Crate concordium_contracts_common[][src]

This library provides the core API that can be used to write smart contracts for the Concordium blockchain in the Rust programming language. It aims to provide safe wrappers around the core primitives exposed by the chain and accessible to smart contracts.

By default the library will be linked with the std crate, the rust standard library, however to minimize code size this library supports toggling compilation with the #![no_std] attribute via the feature std which is enabled by default.

To use this library without the std feature you have to disable it, which can be done, for example, as follows.

default-features = false

In your project's Cargo.toml file.


This crate supports both compilation to x86 native code, as well as to the wasm32-unknown-unknown target. When there is a conflict, the preference should always be to make the wasm32-unknown-unknown the more efficient one.


The functionality in this library is re-exported via the concordium-std crate, which is intended as the entry-point for development of smart contracts in Rust. concordium-std adds a number of helper macros and traits on top of the basic functionality available here.


This library supports two features, std and derive-serde. The former one is enabled by default, but the latter is disabled.

The derive-serde feature is intended to be used by off-chain tools to make it easier to test smart contracts, as well as to inter-operate with them once they are deployed. It can also be used in unit tests, since enabling this feature exposes additional trait implementations on the defined types.

The reason these trait implementations are not enabled by default is that they have non-trivial dependencies, which tends to increase compilation times, as well as code size, if used accidentally.


The main traits defined in this crate deal with binary serialization. The general principles behind serialization is to consistently use little-endian encoding. The native endianess of Wasm32 (when, e.g., reading from linear memory) is little endian, thus having serialization in little endian means as little overhead as possible.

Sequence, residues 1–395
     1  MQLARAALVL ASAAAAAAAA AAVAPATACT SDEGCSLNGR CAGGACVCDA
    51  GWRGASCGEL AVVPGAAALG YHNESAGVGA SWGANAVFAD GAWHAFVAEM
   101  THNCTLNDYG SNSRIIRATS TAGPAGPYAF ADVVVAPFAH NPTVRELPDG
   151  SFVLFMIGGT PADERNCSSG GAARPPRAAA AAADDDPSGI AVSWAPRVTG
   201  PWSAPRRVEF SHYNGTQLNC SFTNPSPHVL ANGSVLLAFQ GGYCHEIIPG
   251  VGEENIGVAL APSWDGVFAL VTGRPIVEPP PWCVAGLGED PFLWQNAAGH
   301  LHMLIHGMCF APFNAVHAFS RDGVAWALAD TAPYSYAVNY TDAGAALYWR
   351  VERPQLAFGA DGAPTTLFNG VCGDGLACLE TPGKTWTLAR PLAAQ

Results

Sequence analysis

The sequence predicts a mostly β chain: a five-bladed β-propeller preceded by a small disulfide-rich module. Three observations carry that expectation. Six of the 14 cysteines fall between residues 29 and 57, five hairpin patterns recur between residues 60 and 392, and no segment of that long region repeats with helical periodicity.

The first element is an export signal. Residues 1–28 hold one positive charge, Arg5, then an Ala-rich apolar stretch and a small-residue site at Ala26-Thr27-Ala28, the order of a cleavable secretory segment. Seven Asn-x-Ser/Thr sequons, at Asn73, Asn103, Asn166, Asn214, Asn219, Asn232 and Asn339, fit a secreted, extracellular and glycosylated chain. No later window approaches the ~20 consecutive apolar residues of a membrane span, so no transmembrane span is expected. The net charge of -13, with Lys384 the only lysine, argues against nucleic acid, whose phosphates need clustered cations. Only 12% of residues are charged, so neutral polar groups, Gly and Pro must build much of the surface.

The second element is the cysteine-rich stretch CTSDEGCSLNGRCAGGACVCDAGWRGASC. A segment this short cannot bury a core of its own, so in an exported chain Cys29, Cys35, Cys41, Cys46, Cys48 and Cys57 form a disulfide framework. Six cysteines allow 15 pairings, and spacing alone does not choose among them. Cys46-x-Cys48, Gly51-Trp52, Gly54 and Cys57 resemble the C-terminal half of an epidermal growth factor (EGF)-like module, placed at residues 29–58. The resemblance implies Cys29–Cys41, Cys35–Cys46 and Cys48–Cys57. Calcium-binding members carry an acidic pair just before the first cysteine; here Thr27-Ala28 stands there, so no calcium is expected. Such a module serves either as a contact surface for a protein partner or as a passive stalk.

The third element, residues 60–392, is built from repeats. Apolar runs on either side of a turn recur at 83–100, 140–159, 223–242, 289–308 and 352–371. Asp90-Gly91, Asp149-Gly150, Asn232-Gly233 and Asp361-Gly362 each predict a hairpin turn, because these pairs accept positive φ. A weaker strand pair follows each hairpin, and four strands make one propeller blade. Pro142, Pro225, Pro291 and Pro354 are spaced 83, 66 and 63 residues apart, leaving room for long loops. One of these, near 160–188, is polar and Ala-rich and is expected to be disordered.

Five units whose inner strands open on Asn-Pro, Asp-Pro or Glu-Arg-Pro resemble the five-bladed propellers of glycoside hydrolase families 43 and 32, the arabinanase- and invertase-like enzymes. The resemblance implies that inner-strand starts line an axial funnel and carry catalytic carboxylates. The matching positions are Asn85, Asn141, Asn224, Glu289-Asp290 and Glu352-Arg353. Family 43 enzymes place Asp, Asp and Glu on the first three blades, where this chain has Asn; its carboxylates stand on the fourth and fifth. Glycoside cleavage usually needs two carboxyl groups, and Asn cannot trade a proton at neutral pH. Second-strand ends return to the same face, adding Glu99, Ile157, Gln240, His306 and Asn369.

The two core traits are Serial and Deserial. The rest are helper traits there for convenience.

In particular, the Get is noteworthy. It makes it possible to omit writing the type explicitly, if it is already clear from the context, allowing us to write, e.g.,

   let n = source.get()?;

instead of

   let n = u8::deserial(source)?;

The Get trait has a generic implementation in terms of Deserial, so only the latter should be implemented for new types.



Currently defined attributes possible in a policy.


Types related to contract schemas. These are optional annotations in modules that allow the users of smart contracts to interact with them in a way that is better than constructing raw bytes as parameters.



Address of an account, as raw bytes.


The type of amounts on the chain


Tag of an attribute. See the module attributes for the currently supported attributes.


Chain metadata accessible to both receive and init methods.


Address of a contract.


Add offset tracking inside a data structure.


Duration of time in milliseconds.


Zero-sized type to represent an error when reading bytes and deserializing.


Policy on the credential of the account.


Timestamp represented as milliseconds since unix epoch.



Either an address of an account, or contract.


An error indicating why parsing of an amount failed. Since amount parsing is typically a user-facing activity this is fairly precise, so we can notify the user why we failed, and what they can do to fix it.


This is the equivalent to the SeekFrom type from the rust standard library, but reproduced here to avoid dependency on std::io.